In Stecker and Gracyk, Aesthetics Today (2010)
Before we begin, let's make a LIST OF BASIC EMOTIONS: According to Hindu thought, humans feel eight basic emotions: love, amusement, sorrow, anger, excitement (energy), fear, disgust, surprise. Some traditions add tranquility/peace.
Hanslick explores two different hypotheses about musical expression. He attacks both of them.
HYPOTHESIS 1 (AROUSAL):
Music is expressive of emotion x if the music makes knowledgeable listeners feel x.
This explains nothing about music, because it is not exclusive to music. Furthermore, it is not necessary when appreciating music. Furthermore, it is too inconsistent (sometimes it happens, sometimes not).
To be “inevitable,” it must be
what the artist controls. But the artist controls something
intermediate, the musical design heard by the listener.
Not exclusive, because other arts do it, too, and do it better.
Not uniform, because how it “feels” depends on personal and cultural context.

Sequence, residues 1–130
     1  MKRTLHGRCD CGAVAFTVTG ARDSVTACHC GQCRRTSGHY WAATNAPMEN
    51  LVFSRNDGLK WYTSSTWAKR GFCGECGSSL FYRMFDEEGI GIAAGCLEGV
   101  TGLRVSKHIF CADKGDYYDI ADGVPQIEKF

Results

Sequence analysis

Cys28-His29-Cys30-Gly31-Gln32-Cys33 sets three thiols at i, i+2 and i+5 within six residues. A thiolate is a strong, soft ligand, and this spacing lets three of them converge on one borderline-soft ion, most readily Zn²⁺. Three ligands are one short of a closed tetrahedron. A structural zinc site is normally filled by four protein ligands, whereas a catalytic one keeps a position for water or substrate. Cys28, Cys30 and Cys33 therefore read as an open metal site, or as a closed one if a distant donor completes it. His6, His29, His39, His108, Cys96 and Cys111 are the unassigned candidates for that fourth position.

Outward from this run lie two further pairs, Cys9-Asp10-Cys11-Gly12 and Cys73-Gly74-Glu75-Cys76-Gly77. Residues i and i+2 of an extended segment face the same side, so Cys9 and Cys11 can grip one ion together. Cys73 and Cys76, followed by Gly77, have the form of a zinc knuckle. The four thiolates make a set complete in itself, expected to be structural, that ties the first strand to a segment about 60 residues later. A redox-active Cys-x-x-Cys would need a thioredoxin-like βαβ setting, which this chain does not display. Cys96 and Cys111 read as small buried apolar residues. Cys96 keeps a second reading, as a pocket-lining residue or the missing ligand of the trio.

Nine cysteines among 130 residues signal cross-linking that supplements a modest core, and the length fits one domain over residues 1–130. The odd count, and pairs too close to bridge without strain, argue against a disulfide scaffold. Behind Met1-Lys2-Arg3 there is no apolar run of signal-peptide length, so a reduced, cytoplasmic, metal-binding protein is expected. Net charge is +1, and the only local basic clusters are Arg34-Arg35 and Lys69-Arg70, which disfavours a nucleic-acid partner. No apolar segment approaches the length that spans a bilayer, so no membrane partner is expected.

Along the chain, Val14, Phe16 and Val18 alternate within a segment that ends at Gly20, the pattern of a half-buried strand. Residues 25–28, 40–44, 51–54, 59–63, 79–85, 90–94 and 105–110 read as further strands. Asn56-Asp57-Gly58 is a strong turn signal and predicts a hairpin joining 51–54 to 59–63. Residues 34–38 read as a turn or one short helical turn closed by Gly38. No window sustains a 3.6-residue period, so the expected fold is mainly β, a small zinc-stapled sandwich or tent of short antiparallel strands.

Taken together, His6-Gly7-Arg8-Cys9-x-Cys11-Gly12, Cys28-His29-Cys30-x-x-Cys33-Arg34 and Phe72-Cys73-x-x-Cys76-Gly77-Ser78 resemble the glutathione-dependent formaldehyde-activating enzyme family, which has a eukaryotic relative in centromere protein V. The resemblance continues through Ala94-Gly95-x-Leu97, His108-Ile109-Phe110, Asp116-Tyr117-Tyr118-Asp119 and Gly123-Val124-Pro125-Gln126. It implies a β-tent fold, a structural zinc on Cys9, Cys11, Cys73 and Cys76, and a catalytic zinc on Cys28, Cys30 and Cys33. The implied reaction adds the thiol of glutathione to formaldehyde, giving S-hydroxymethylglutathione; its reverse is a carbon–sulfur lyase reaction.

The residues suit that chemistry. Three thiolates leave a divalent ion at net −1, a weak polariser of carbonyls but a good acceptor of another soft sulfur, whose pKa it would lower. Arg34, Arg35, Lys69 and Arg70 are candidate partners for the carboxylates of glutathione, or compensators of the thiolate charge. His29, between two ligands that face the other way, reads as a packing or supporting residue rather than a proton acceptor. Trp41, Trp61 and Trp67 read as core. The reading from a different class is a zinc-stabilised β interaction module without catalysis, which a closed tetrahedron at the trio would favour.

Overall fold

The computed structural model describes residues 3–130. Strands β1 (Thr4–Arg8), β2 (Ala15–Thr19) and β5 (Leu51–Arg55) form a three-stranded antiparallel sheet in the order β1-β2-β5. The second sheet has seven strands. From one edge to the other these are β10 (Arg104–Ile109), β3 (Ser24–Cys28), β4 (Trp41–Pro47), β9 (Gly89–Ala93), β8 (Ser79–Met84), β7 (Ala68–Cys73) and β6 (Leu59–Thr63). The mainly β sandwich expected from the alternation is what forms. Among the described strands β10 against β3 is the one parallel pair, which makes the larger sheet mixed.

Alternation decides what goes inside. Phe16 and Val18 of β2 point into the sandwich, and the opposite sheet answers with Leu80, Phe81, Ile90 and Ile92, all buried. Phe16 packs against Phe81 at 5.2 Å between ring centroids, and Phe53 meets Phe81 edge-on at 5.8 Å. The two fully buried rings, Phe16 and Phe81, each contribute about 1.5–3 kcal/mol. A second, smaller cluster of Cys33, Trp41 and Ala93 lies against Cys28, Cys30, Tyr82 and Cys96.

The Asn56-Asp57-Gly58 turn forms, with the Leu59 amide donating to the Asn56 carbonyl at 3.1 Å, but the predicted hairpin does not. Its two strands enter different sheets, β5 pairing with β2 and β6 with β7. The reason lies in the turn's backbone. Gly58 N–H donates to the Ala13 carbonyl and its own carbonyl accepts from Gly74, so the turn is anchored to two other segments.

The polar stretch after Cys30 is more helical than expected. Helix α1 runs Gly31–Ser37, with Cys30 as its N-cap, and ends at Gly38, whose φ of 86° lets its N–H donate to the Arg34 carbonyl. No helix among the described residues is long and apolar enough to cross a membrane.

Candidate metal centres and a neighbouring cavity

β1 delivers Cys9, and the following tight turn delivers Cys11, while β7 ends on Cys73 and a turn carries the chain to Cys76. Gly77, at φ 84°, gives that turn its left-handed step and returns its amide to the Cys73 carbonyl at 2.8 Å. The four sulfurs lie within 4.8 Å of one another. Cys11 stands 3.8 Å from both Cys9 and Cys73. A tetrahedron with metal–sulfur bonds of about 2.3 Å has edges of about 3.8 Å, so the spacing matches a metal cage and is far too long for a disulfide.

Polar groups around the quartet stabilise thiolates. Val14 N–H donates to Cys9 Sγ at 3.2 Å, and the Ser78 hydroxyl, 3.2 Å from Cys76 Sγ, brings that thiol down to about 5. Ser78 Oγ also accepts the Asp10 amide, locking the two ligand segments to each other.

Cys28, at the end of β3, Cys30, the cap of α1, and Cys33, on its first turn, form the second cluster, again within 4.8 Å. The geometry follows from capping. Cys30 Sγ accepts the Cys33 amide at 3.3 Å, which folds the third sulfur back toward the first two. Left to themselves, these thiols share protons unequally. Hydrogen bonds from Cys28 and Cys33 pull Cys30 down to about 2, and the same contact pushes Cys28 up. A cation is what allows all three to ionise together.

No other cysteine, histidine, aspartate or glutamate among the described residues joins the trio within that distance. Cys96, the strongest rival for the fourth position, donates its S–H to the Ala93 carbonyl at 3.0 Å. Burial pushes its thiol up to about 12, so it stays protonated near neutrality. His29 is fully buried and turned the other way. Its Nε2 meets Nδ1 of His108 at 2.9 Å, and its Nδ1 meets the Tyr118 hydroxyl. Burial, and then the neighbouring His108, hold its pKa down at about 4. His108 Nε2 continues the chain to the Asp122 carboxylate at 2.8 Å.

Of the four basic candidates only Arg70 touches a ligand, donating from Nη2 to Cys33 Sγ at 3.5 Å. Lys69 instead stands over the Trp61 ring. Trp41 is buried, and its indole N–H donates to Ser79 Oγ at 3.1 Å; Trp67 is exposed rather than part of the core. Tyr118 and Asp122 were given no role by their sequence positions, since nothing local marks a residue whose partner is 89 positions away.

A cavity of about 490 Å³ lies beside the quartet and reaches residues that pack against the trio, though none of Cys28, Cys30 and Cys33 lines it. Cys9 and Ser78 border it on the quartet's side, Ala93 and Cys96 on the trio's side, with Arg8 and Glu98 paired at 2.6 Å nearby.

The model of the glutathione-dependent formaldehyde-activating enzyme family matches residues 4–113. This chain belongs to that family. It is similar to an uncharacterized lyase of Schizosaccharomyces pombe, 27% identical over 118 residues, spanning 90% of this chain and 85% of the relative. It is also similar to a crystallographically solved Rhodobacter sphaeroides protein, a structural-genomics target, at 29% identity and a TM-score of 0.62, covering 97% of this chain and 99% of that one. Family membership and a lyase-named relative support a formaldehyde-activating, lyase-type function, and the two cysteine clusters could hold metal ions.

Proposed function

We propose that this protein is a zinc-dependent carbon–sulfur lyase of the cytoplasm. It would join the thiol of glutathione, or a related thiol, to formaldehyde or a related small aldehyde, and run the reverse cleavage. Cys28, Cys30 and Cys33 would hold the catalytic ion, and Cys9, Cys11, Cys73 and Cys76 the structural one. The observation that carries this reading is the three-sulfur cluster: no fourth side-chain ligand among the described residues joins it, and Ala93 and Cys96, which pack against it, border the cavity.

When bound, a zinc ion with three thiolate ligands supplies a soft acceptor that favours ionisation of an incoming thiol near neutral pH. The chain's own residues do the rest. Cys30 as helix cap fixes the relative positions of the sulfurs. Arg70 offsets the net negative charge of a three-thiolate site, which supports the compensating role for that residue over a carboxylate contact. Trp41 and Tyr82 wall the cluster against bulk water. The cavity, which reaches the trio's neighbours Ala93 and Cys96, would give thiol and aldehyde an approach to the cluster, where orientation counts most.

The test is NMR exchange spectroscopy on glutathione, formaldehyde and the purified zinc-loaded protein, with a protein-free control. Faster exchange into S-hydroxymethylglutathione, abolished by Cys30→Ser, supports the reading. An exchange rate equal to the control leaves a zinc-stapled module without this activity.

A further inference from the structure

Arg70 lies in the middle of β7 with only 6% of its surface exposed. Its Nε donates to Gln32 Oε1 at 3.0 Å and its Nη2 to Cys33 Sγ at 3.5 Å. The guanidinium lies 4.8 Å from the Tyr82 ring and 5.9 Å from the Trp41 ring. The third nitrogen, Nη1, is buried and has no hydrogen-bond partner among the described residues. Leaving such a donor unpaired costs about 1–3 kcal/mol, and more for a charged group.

HYPOTHESIS 2 (REPRESENTATION):
To represent emotion is to be expressive in the way that picture represents its subject, as something we recognize in a musical pattern.
Hanslick is endorsing the cognitive theory of emotion. Instead of opposing rationality and emotion, this theory says the knowledge and beliefs are essential elements of emotions. This theory traces back to Aristotle.
ANGER requires a belief that something bad has
However, instrumental music lacks adequate resources to become definite. Music can capture dynamics but not accompanying judgment. Therefore “whispering may be expressed, true, but not the whispering of love…”
INDETERMINATE or “indefinite” imitation is no imitation at all. Only a “concrete” image can make it determinate.
FINALLY, even if music could be expressive, that is unnecessary for music to be valuable. Evidence: the music that is expressively most clear is musically the least interesting (recitative). The words make music clear, but the musical quality is minimized in passages where the words are important. Therefore, expression is not an "aesthetic principle" (i.e. a test of value) because clear expression is often to the detriment of musical beauty.
Although it is not in our edited reading, he gives another interesting argument to show that music does not represent definite emotions. If the same music can combine with different texts to convey distinct emotions, then music itself does not convey a specific emotion. The words make it determinate. So instrumental music does not represent emotion. Evidence: Handel.
Last updated Jan. 24, 2011 ~ All text © 2011 Theodore Gracyk